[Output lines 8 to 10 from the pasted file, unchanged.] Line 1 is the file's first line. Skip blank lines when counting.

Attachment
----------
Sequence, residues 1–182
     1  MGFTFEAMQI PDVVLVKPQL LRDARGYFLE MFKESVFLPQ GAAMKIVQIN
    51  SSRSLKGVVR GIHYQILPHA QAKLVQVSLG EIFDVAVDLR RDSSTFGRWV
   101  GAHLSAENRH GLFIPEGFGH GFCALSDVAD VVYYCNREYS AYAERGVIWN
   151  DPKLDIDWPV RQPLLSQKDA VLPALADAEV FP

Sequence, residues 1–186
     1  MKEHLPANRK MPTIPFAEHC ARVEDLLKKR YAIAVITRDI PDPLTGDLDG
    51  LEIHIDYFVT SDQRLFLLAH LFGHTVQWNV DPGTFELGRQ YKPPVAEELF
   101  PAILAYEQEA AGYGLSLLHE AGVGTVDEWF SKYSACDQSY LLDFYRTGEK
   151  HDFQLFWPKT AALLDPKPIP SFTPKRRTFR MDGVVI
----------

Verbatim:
    51  LEIHIDYFVT SDQRLFLLAH LFGHTVQWNV DPGTFELGRQ YKPPVAEELF
   101  PAILAYEQEA AGYGLSLLHE AGVGTVDEWF SKYSACDQSY LLDFYRTGEK
   151  HDFQLFWPKT AALLDPKPIP SFTPKRRTFR MDGVVI